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Home arrow Psychology arrow The Wiley Blackwell handbook of the psychology of recruitment, selection and employee retention
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Validity of references

How valid are letters of recommendation in predicting relevant job outcomes? Again, research into the validity of references has been scant, especially in comparison to the frequent use of references in personnel selection. This is no doubt partly because it is unclear what the criterion variable is. Most of this research has focused on structured references, not least because it is easier to quantify the validity of these references (particularly compared to the highly variable and, by definition, hard to standardize, unstructured letters of recommendation). For example, studies on the ERQ showed that reference checks correlated in the range of 0.00 and 0.30 with subsequent performance. In a meta-analysis, Reilly and Chao (1982) reported a mean correlation of 0.18 with supervisory ratings, 0.08 with turnover and 0.14 with a global criterion. A more generous estimate of 0.26 (corrected for unreliability and restriction of range) was provided by Hunter and Hunter’s (1984) meta-analysis, and one of the largest validities was (again, corrected) 0.36 for head teachers' references and training success in the Navy (Jones & Harrison, 1982). Jones and Harrison (1982) pointed out that teachers' (or, for that matter, professors') references tend to be more accurate because they are more motivated than former employers to maintain credibility as they are likely to write more references in the future.

It would be incongruent to expect higher validities from the reference letter if it is not reliable in the first place. Yet there are several other converging factors that threaten the validity of this assessment and selection method. References tend to be very lenient, which produces highly skewed data. This effect, often referred to as the Pollyanna effect, reduces the true variance between candidates (producing more heterogeneous outcomes than predictors) and means that ‘most applicants are characterised as somewhat desirable' (Paunonen, Jackson & Oberman, 1987, p. 97). This is hardly surprising since referees are nominated by the candidates themselves and referees' ‘primary interest is not with the organization but with the applicant' (Colarelli, Hechanova-Alampay & Canali, 2002, p. 316). Recent research shows that even in academic settings (e.g., for grant proposals) applicant-nominated assessors provide biased and inflated reviews of the candidates (Marsh, Bond & Jayasinghe, 2007). Clearly, referees who are asked to provide a reference have no incentives to be harsh and may indeed fear being too harsh as they may be sued by the candidates. Moreover, given that harsh comments are rare and seen as a ‘kiss of death' (typically, negative points are given more weight than positive ones) referees are even more sensitive about making them, though research suggests that when both negative and positive comments are included references are perceived as more genuine and the result may consequently be a positive hiring decisions (Knouse, 1983). It is also likely that referees abstain from providing a reference if they cannot be positive about the applicant, which would explain the poor response rates found (Schneider & Schmitt, 1986).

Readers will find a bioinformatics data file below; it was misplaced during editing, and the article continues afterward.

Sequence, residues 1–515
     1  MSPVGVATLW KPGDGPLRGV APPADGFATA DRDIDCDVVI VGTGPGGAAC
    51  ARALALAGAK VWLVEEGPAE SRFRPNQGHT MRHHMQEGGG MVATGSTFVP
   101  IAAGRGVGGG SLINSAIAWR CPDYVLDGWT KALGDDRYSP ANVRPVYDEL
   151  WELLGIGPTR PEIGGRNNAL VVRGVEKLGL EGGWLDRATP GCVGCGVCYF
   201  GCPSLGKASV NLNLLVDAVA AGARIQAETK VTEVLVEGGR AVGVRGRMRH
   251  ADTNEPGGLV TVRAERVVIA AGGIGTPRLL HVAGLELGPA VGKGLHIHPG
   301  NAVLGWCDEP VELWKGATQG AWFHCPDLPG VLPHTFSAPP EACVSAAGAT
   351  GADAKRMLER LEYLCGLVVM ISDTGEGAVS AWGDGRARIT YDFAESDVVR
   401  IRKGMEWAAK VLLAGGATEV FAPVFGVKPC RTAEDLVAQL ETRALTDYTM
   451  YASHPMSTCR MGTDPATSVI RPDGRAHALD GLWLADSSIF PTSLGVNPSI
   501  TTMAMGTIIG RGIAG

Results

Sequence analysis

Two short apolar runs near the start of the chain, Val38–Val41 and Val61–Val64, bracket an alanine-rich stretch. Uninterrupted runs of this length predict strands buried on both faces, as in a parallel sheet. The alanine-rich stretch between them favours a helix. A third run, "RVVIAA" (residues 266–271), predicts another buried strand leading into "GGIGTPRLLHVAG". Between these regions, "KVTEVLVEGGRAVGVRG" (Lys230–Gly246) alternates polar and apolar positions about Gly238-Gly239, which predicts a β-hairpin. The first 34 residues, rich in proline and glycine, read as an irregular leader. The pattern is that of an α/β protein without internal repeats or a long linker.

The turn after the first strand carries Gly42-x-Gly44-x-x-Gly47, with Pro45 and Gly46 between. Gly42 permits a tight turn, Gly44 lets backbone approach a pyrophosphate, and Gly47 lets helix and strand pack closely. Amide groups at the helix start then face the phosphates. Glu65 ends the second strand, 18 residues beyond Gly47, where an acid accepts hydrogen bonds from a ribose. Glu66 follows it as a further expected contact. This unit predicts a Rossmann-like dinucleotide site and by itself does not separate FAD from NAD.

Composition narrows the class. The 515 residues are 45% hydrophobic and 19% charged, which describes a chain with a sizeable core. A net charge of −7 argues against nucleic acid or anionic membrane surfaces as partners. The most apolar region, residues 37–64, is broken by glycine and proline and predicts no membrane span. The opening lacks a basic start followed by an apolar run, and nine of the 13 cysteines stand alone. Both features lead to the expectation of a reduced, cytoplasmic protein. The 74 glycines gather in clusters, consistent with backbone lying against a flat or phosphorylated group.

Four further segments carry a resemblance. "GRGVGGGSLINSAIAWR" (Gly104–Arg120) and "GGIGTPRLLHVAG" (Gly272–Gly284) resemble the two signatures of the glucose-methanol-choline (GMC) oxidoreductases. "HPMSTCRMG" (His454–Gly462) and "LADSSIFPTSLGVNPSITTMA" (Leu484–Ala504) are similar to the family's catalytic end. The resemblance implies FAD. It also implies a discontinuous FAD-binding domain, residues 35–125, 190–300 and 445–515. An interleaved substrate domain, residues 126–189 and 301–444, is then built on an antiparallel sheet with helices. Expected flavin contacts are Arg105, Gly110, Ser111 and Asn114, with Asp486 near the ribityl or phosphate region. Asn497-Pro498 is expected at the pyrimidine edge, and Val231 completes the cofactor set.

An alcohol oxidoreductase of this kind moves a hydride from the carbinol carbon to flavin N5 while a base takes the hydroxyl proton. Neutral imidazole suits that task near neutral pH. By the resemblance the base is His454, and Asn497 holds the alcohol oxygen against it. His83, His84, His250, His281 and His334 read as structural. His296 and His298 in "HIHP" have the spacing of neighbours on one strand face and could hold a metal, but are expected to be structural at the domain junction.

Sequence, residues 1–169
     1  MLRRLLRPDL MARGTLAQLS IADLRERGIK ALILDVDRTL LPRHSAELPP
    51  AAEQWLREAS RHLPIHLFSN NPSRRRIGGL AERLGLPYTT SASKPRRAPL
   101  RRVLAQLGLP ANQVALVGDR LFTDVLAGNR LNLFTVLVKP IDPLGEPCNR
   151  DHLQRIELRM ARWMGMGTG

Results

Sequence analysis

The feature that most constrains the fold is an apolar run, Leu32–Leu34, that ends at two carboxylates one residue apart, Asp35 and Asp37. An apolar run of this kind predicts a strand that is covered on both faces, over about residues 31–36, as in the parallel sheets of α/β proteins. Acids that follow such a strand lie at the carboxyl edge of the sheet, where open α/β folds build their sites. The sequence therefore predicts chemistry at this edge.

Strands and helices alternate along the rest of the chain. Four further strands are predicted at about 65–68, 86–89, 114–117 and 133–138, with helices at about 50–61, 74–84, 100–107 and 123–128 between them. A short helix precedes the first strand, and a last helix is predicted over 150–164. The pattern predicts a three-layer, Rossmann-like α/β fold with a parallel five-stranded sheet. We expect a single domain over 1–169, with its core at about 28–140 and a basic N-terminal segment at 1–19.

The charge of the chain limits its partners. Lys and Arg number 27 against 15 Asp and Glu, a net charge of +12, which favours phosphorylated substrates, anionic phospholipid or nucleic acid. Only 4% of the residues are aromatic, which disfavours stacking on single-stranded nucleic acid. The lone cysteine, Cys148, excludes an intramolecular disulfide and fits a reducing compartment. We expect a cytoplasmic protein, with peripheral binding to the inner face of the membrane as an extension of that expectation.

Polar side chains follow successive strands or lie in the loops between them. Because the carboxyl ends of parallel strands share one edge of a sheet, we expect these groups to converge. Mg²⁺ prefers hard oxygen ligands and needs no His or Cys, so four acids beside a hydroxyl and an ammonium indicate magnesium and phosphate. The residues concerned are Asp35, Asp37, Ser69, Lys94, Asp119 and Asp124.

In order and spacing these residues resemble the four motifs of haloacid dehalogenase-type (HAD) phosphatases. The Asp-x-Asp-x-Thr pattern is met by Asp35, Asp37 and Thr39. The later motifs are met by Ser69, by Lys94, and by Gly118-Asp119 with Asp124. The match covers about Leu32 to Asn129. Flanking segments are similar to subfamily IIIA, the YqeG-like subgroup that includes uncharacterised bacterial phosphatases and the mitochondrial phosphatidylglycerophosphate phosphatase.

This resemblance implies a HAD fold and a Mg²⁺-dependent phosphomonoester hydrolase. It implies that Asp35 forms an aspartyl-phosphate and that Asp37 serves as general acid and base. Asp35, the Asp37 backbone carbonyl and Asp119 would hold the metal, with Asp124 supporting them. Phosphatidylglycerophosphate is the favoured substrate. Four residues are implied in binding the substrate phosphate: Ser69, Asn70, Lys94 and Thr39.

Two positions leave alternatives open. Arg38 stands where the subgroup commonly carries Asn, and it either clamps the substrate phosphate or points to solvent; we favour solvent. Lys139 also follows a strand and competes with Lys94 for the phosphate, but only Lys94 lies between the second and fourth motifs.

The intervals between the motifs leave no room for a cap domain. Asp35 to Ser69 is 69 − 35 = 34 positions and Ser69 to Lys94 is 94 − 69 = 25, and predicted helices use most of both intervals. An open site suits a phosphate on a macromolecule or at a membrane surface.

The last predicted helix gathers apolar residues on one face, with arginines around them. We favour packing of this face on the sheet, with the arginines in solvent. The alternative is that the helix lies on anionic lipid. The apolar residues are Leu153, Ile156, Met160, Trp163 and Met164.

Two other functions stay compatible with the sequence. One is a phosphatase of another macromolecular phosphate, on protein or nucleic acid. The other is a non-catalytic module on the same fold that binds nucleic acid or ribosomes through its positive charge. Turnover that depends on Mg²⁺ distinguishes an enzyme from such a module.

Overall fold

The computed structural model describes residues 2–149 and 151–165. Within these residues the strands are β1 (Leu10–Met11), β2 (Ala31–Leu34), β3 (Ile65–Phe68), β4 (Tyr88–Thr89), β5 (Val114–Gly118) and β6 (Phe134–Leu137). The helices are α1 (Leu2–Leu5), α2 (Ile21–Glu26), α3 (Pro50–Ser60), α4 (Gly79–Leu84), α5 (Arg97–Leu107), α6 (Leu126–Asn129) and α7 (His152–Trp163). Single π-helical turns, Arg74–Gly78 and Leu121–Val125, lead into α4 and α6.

Referees tend to write similar references for all candidates. In fact, it has been pointed out that references - particularly unstructured ones - provide more information about the referee than the candidate (Baxter, Brock, Hill & Rozelle, 1981). Moreover, dispositional traits (personality factors) and affective states (mood) distort references significantly (Judge & Higgins, 1998). This leads not only to low reliability but also to lower criterion-related validities.

Referees (often acting in benefit of their own organization) may wish to retain good employees and know that a positive reference may have the opposite effect. Moreover, for the same reasons they may choose to write very positive references for staff they are eager to see off. These ‘hidden agendas' are hard to evidence but indicate that employers' motivations can have a profound effect on the type of reference provided.

There are now many serious legal issues associated with references, so much so that some organizations refuse to give them. People are directed only to say that the candidate was employed for the specified time they worked there and nothing else. Litigation has followed where a person has been hired partly on the basis of a reference only to discover the person was extremely poor at the job. In this instance it appears references have been unrealistically positive to get rid of the employee. However, what has more recently occurred is that people and organizations have been sued if they refuse to give a reference knowing the candidate is in some sense problematic (e.g., has criminal or anti-social tendencies). In this sense some employers claim with respect to references you are ‘damned if you do and damned if you don't'.

 
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